The European Central Bank has left interest rates at a record low but said it remained ready to act, acknowledging that emerging market turbulence could hit the euro zone.
Risks to the euro zone's economy remain skewed to the downside, ECB President Mario Draghi said after interest rates were held at 0.25%, and inflation would be low for a protracted period.
Mr Draghi said that the euro area is not experiencing deflation - a widespread sustained fall in prices - even though inflation is very low.
He insisted that what the euro zone was currently experiencing was disinflation - a period of very low inflation - but not deflation.
"Developments in global money and financial market conditions and related uncertainties, notably in the emerging market economies, may have the potential to negatively affect economic conditions," Draghi told a news conference in Frankfurt.
"The reason for the decision not to act has really to do with the complexity of the situation and the need to acquire more information," he said.
Mr Draghi also said that while euro zone unemployment is stabilising, it remains at a very high level in the euro zone.
A sharp drop in euro zone inflation to 0.7% in January, well below the ECB's target of just under 2%, would have focused policymakers' minds, particularly since emerging turmoil could put further downward pressure on prices.
The ECB also left the deposit rate it pays on bank deposits at zero and held its marginal lending facility - or emergency borrowing rate - at 0.75%.
If emerging market turmoil persists, a move is more likely next month when the ECB's staff will produce fresh economic forecasts. If they downgrade their inflation estimate - already at just 1.2% for 2014 - action could follow.
"Further information and analysis will become available in early March," Mr Draghi said, adding that the forecasts will include a first look at 2016.
Inflation expectations, he said, remained firmly anchored. If that assessment changes then a significant policy response would be likely. "There is certainly going to be subdued inflation, low inflation for an extended, protracted period of time, but no deflation," the ECB boss said.
Money market traders had expected no change in rates, nor any other policy steps, a Reuters poll taken earlier this week showed.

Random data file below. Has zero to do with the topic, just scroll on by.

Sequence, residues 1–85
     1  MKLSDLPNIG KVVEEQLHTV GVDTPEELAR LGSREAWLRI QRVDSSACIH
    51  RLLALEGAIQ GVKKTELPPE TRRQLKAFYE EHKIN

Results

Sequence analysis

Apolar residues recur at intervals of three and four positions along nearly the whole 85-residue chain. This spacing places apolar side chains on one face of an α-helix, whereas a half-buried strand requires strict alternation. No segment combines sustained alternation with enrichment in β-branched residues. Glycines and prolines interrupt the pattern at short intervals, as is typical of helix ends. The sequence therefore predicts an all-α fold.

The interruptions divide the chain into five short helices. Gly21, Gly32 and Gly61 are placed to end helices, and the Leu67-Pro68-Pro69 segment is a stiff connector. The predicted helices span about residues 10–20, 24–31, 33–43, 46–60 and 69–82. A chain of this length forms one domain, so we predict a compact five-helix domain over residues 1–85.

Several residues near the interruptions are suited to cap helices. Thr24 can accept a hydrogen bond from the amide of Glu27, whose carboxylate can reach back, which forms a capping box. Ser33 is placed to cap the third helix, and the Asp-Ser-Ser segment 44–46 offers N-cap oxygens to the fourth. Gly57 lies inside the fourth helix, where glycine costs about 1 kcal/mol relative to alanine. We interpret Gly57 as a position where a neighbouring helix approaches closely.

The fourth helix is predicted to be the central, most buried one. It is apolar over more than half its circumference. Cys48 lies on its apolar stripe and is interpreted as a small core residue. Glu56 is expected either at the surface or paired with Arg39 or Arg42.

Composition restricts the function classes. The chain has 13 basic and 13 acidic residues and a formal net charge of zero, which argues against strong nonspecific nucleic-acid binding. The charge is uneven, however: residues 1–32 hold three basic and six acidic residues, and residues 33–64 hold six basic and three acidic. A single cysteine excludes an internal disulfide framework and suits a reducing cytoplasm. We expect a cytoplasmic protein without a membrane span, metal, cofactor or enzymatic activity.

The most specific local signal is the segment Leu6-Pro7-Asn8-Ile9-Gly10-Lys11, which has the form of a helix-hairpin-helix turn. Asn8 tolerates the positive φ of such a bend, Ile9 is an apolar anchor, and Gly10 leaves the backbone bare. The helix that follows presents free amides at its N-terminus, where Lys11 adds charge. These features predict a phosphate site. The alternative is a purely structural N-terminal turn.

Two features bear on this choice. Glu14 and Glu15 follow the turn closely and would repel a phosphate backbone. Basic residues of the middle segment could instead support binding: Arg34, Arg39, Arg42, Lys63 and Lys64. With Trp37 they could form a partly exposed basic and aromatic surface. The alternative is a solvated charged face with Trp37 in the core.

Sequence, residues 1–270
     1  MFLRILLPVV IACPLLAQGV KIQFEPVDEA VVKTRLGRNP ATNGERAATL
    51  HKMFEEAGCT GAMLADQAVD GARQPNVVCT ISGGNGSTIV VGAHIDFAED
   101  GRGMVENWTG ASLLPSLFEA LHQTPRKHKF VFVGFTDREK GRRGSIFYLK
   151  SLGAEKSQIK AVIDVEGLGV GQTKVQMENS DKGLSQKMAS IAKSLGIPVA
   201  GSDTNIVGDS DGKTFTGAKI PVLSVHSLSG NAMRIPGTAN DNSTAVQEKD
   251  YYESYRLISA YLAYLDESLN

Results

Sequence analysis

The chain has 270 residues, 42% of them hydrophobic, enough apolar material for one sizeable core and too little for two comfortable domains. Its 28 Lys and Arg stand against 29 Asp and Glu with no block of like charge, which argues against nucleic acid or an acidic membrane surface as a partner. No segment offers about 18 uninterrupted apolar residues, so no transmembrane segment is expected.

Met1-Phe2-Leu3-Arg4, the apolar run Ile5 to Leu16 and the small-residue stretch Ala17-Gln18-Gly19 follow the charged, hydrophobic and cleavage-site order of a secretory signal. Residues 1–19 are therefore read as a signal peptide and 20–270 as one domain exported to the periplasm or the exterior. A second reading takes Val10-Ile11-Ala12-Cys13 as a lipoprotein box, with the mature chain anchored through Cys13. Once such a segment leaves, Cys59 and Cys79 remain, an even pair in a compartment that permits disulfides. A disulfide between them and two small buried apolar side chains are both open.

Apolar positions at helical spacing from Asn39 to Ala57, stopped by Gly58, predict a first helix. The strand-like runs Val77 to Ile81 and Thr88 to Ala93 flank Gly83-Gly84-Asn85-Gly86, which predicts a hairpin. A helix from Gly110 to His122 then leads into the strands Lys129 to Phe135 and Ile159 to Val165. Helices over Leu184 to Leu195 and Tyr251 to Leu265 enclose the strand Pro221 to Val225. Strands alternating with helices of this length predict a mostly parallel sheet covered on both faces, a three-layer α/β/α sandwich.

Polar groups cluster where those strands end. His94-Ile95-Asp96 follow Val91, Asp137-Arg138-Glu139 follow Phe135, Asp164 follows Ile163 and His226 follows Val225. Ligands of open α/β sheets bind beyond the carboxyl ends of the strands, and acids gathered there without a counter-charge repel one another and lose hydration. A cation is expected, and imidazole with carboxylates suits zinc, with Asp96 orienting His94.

The Bank of England faces a different problem - trying to convince markets that resurgent growth will not require an early interest rate rise. It too left policy on hold.
The ECB is wary of inflation getting stuck in what Draghi has dubbed a "danger zone" below 1% and vowed again to keep rates at present or lower levels for an "extended period".
An emerging market selloff risks forcing the euro higher, which would put more downward pressure on prices.
For now, economic recovery is intact, though still in its infancy. The euro zone's private sector logged its busiest month in two and a half years in January, surveys showed yesterday.
"We must be extremely cautious about this recovery. It is still fragile and it is still uneven," Draghi said.
A month ago, he set out markers for further ECB action, pledging the central bank would take action if its inflation outlook worsened or money markets saw "unwarranted" tightening.
But the ECB does not have a lot of ammunition left to boost inflation. There might be only one more rate cut in its arsenal and even that would be smaller than the traditional quarter point.
Short-term interest rate volatility has been another headache for the ECB. By refraining from action, the ECB risks making it more difficult to convince markets of its easing bias and keep the euro from shooting up.
To prevent spikes in market rates, the bank could choose to end offsetting government bond purchases made when the euro debt crisis was raging, which would add about €175 billion to the money markets.
Mr Draghi said that was one option under consideration but was not discussed at the meeting. "We remain firmly determined to maintain the high degree of monetary accommodation and to take further decisive action if required," he said.